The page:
Considered to be one of the first paintings of the poesie to be completed is Danaë, a copy of one of Titian’s earlier paintings. Since there are at least six versions, it is unsure which one he sent to Philip II. In some versions, a nursemaid is depicted with Danaë and in others, she is alone or with the figure of Cupid.

Princess Danaë was the daughter of Acrisius, the King of Argos, who had imprisoned her in a bronze tower after learning from an oracle that her future son was destined to kill him. Whilst the tower protected her from mortal suitors, it was no barrier for the Roman gods, particularly Jupiter, king of the Olympians, who had fallen in love with Danaë.

According to Ovid, Jupiter entered Danaë’s tower disguised as a shower of gold, which her elderly maid attempted to catch in the hopes of bringing her youth. Jupiter impregnated Danaë who later gave birth to a son, Perseus. Still intent on preventing his fate, Acrisius forced his daughter and grandson into a chest and threw them into the ocean. Fortunately, Polydectes, King of Serifos, rescued them and Perseus grew up to fulfil the prophecy. At a sports contest, Perseus’s discus struck Acrisius’ head, killing him instantly.

In the story, of which there are several tellings in addition to Ovid’s, Jupiter raped Danaë, but Titian did not depict a struggle. Instead, he painted the nude Danaë lying on a bed, seemingly expectant of events to come as she calmly let Jupiter’s golden shower descend upon her. British art historian, Kenneth Clark (1903-83) claimed in The Nude, A Study in Ideal Form, Danaë’s body was “clearly based on drawings of Michelangelo … At every point Michelangelo’s grandiose invention has been transformed from an embodiment of spiritual malaise into an embodiment of physical satisfaction.”

Danaë was sent to Philip in 1553 while he resided in either Madrid or Valladolid. There is some damage to the surface, possibly caused during transport, which has revealed some of Titian’s preliminary studies below the paint. It appears he originally intended to include an image of Jupiter’s head, which he later did in another version of the painting.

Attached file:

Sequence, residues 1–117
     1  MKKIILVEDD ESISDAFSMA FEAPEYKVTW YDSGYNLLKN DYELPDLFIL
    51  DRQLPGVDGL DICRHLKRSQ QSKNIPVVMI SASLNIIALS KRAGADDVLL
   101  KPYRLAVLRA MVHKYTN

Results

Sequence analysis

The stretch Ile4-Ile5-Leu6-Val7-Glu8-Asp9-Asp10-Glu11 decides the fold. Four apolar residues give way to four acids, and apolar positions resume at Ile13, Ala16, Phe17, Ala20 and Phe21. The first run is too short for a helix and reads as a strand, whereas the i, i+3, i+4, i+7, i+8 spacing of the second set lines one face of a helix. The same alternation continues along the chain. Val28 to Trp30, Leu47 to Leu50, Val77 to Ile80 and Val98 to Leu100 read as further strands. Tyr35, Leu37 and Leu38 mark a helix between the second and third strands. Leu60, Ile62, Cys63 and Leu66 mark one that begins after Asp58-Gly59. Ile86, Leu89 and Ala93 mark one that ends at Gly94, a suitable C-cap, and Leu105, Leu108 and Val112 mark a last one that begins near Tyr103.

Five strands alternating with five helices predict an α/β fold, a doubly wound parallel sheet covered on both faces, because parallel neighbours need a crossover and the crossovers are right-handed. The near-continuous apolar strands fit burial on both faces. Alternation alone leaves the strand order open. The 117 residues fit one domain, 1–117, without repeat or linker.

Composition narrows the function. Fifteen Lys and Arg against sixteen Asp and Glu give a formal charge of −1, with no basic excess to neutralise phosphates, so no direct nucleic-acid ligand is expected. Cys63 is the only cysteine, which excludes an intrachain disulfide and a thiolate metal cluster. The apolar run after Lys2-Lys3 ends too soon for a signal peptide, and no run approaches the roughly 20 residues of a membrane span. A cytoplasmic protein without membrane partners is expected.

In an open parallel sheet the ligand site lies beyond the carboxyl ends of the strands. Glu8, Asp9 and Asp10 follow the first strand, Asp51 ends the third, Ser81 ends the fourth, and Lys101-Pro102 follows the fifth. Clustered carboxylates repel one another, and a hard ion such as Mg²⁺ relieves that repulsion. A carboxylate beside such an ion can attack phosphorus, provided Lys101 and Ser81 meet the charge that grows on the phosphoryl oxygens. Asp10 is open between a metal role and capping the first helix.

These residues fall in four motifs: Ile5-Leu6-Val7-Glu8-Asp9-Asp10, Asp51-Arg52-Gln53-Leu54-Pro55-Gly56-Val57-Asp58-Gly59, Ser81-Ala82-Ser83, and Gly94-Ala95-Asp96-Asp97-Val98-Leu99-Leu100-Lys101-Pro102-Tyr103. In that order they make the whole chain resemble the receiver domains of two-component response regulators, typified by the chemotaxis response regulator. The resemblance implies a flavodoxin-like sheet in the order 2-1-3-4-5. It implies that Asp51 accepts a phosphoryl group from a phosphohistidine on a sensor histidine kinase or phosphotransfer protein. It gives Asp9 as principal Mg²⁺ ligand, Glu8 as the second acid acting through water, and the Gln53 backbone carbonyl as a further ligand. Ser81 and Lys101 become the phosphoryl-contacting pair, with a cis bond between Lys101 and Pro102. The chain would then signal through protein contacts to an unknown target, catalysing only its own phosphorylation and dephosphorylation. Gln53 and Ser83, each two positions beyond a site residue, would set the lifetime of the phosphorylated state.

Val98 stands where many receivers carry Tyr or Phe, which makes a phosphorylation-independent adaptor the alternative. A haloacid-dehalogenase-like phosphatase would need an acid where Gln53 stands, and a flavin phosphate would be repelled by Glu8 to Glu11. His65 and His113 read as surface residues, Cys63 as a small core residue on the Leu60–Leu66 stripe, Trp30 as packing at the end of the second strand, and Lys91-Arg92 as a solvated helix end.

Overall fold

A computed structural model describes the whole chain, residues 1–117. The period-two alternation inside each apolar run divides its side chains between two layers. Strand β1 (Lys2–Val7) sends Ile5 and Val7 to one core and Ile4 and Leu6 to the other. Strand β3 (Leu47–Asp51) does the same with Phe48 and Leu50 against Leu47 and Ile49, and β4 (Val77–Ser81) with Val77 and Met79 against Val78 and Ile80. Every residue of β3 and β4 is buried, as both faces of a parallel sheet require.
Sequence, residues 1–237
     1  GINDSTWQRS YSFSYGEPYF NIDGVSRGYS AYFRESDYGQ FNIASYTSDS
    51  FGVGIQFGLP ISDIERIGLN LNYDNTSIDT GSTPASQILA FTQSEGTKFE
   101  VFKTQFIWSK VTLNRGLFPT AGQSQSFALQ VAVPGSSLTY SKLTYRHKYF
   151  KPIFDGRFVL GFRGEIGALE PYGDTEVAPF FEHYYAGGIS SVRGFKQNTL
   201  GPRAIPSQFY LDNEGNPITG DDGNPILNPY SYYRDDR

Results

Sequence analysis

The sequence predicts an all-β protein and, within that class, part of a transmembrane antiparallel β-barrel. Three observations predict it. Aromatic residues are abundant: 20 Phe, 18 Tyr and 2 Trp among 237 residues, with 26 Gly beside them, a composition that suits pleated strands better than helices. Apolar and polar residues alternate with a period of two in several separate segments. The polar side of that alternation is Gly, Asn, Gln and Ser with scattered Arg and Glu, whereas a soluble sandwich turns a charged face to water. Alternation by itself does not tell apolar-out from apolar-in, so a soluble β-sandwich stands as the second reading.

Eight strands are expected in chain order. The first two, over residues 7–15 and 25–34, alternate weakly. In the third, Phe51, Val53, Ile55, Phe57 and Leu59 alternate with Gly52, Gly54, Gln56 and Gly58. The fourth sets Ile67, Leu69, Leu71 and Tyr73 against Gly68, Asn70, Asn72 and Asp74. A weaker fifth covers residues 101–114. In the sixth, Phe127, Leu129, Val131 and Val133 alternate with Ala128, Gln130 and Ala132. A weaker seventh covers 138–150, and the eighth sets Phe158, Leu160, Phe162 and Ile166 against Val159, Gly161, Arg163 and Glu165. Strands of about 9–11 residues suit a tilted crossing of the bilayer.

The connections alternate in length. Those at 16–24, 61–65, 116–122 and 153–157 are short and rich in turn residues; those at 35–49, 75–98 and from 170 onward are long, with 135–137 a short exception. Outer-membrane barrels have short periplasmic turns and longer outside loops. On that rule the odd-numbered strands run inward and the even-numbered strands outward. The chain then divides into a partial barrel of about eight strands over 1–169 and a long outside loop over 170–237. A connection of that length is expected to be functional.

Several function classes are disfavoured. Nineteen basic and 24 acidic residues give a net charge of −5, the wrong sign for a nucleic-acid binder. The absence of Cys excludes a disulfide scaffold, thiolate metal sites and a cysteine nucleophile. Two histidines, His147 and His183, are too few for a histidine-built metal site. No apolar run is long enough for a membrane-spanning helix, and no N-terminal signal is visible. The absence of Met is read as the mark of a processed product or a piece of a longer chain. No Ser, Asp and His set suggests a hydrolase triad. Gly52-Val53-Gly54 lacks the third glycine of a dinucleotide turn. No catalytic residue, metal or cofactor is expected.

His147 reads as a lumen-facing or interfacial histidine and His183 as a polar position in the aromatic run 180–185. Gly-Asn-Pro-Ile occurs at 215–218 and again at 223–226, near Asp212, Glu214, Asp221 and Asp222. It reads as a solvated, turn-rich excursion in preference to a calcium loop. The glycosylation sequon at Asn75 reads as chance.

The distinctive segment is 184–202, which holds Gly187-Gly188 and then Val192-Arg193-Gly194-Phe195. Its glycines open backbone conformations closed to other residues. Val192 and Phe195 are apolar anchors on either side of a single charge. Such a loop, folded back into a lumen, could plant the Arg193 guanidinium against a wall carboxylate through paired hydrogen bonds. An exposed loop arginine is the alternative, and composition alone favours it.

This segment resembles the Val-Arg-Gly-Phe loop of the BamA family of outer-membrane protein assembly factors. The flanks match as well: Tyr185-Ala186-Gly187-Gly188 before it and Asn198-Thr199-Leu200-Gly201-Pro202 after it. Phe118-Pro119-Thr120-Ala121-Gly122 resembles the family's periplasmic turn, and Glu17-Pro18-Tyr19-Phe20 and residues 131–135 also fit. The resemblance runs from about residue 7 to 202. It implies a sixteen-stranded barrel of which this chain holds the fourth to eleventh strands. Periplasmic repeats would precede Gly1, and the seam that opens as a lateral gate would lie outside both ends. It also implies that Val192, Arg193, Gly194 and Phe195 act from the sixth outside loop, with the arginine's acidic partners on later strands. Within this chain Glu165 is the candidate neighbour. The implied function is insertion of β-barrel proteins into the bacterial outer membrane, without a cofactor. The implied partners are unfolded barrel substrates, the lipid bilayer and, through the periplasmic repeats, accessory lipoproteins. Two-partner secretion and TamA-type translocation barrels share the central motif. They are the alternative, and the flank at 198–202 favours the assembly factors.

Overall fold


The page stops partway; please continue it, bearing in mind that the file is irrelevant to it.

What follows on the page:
Diana and Actaeon, now owned by the National Gallery and the National Galleries of Scotland, portrays the moment the hunter, Actaeon, stumbled across the goddess Diana and her nymphs bathing. Diana, the goddess of the hunt, was renowned for being a virgin goddess, so it was forbidden for mortal men to see her naked. Outraged by the intrusion, Diana turned Actaeon into a stag so that he could not tell anyone what he had seen.

Titian painted Diana, who can be identified by her crescent moon crown, hastily covering herself with the help of a black woman. It is uncertain whether this woman is one of the nymphs or if she was Diana’s maid or servant. Given the era Titian worked, it is more likely to be the latter. Nonetheless, Titian has painted the dark-skinned woman with great care. Unlike Diana and the nymphs who have a generic body shape that is common to many Renaissance paintings, Titian may have used a model for Diana’s maid.

Ovid wrote that Diana was enraged with Actaeon, yet Titian did not depict that emotion in his painting. Instead, Diana fixes Actaeon with a glare, causing the innocent Actaeon to realise he has witnessed something he should not. The nymphs are more expressive, reaching for something to cover their bodies or hiding behind a pillar.

Although Actaeon is still in human form, Titian hid a few symbols in the painting to indicate the hunter’s fate. In the foreground, Diana’s lapdog barks at and frightens Actaeon’s much larger hounds. In the background, a small figure is hunting a deer and, on top of the stone pillar, is a stag’s skull, suggesting that not only would Actaeon be transformed into the animal, he will also be killed.

Titian painted Diana in another of his paintings based on Ovid’s story, Diana and Callisto. The scene Titian chose to depict occurs midway through the tale after Callisto has been raped by Jupiter who tricked his way into the nymph’s presence disguised as Diana.

Knowing Diana demanded chastity, Callisto kept the attack secret, but she was pregnant and could not hide it forever. When Callisto was eight months pregnant, Diana and the nymphs decided to bathe together. When Callisto did not remove her clothing, the other nymphs stripped her, revealing her swollen stomach. Although the situation was not Callisto’s fault, Diana, who once considered Callisto to be her favourite nymph, immediately cried, “Be gone! This sacred spring must not be polluted!”